Preparing to Automate

One of the many presentations at Makino's recent Technology Expo covered die/mold automation. Here are a few takeaways on things to think about early in any implementation.


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A robot feeds the Inifinite Focus G5, just one of many noncontact mesaurement solutions from Alicona showcased at the event. Many of these systems were integrated directly with milling and EDM machines. 

Automation can get complicated, particularly for a toolmaker.

That's likely not news to most readers of this blog, and it probably also explains the heavy attendance at a presentation on that topic at Makino's recent Technology Expo event September 16-17 in Auburn Hills, Michigan. Indeed, presenter John Bradford took every opportunity to emphasize the importance of involving a knowledgeable partner at the outset of any new automation effort, particularly for toolmaking operations that rarely deal with repeat work. Even assembly-line-style, high-production implementations differ widely from company to company. A supplier like Makino offers a breadth of experience that can help avoid unexpected problems and delays, he says. 

Although I couldn't hope to cover the entirety Bradford's wide-ranging presentation here, below are a few takeaways related to strategies companies can employ early in the process to ensure smooth implementation. Meanwhile, check out this slideshow for a look at a few newer developments in CNC technology.

Set specific goals. Before you start, have an idea of where you want to go. After all, the more complex the task, the more difficult it is to automate cost-effectively, Bradford says. When the goal is to reduce labor without increasing costs or creating new problems in the process Processes like polishing, deburring, assembly present a far greater challenge than, say, changing tools, he explains. So, it may be best to start small. Other considerations include part size (which dictates the size of pallets, robots, storage units and so forth) and machine utilization (Bradford recommends automating the most oft-used machines, adding that automation is often justified even if setup time pales in comparison to machining time).

Get off the machine. An operation where employees aren't comfortable with pushing "cycle start" and walking away is likely not prepared for any significant degree of automation, Bradford says. The case is the same if existing automation—automatic tool changers, for example—aren't being used. Moving programming and setup offline is another wise step to take before taking the plunge. This strategy, along with technology like tool presetters, can go a long way toward reducing what Bradford calls "parasitic," or non-cutting, time.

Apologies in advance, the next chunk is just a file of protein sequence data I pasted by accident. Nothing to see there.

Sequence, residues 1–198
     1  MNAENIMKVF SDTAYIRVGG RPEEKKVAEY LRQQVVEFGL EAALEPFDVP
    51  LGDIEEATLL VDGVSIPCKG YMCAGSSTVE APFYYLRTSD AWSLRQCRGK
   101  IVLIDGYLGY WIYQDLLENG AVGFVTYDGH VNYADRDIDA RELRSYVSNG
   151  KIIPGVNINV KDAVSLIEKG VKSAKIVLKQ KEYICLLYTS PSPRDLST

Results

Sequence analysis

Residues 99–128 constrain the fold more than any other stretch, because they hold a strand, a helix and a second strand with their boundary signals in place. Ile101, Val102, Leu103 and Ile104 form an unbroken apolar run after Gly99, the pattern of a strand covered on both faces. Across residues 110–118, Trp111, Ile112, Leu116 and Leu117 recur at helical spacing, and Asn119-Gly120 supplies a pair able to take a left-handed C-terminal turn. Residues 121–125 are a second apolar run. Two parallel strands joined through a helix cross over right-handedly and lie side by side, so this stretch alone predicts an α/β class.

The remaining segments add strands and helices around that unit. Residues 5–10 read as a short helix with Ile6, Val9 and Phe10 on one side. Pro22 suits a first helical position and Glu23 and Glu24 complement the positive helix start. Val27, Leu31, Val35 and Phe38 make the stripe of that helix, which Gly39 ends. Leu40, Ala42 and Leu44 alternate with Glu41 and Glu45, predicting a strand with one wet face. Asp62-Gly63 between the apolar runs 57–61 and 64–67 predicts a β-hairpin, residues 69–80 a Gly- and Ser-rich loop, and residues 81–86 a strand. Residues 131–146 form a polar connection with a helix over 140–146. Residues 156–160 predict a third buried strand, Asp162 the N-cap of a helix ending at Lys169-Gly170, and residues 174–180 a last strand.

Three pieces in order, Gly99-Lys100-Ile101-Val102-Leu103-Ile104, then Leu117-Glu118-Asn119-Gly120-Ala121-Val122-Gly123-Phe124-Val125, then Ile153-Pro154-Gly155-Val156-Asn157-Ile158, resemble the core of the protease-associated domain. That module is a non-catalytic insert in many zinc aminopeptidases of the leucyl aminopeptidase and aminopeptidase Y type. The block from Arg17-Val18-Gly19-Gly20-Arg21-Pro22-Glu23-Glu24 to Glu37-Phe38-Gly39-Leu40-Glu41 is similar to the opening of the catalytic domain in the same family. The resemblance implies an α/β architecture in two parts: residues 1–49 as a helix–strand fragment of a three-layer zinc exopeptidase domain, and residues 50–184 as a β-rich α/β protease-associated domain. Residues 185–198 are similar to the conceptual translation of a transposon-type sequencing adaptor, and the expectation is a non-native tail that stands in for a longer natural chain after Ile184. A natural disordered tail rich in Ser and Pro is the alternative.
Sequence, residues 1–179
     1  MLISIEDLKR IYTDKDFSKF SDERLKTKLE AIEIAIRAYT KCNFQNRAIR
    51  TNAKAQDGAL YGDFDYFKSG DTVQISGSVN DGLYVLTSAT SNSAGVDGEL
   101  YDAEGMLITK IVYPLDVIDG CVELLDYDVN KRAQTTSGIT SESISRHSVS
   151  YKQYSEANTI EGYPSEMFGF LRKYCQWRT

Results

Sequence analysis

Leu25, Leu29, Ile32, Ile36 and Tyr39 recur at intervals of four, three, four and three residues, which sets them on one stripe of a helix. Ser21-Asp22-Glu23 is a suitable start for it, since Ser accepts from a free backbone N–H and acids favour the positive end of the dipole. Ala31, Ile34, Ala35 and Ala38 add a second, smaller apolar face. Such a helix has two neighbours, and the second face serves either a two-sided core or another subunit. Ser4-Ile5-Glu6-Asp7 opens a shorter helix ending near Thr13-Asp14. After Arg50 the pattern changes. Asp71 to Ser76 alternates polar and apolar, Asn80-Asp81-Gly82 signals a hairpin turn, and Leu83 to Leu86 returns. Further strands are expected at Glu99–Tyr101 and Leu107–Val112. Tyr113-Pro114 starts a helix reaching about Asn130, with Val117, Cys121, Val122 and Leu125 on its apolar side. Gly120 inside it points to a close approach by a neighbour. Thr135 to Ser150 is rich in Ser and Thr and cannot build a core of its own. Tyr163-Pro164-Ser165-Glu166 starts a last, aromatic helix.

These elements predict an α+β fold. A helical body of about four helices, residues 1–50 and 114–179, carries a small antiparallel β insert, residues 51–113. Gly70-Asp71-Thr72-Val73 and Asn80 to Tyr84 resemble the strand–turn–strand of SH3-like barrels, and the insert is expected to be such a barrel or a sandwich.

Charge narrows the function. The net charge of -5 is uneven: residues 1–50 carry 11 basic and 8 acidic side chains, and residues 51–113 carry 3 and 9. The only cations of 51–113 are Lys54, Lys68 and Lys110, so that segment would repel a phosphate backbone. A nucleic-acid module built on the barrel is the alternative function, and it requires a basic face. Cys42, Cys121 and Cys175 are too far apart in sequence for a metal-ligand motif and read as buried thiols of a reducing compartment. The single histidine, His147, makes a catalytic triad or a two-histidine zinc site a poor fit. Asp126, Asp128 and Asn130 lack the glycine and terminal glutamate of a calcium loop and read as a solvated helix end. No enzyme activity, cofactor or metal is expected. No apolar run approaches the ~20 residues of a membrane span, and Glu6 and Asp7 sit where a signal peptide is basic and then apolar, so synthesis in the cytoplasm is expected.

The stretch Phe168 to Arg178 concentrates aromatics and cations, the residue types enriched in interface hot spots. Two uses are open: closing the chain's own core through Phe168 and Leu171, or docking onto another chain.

Not all automation has to be as extensive as this cell, which incorporates EDM, machining and measurement systems linked by a rail-guided robot. Sometimes, the most profitable “sweet spot” is less ambitious to achieve than initially anticipated, Bradford says.  

Standardize. If the goal is to set up just once (and, if possible, away from the machine), you'll likely need to invest in—and learn to fully trust—standardized pallets and a zero-point workholding system. With an effective, automated setup, a manufacturer should be able to move parts from one process to another without risk of error (a system for electronically transferring work and offset data can go a long way in this respect as well, Bradford adds). Additionally, standardizing on technology isn't enough, he emphasizes. Processes have to be standardized as well. That is, to the greatest extent possible, any given series of tasks should be performed in the same way and in the same order every time.

Mind the people side. All but the simplest automation can bring substantial change—change that goes beyond technology and process. The more heavily automated an operation, the more time is spent on planning (i.e., prepping material, presetting, programming, scheduling machines, etc.) than actual execution. This, Bradford explains, is a cultural shift, and cultural shifts can sometimes be difficult for people. Throughout any implementation, he recommends making a concerted effort to keep lines of communication open on the shop floor, to thoroughly address questions or concerns, and, perhaps most importantly, to actively involve staffers in decision-making and problem-solving as automation ramps up.

Given that Bradford's presentation was just one of many, it's a good thing that the two-day event offered multiple chances to see each one. After all, there was plenty of technology to see outside the conference room, too, particularly in the realm of controls and software.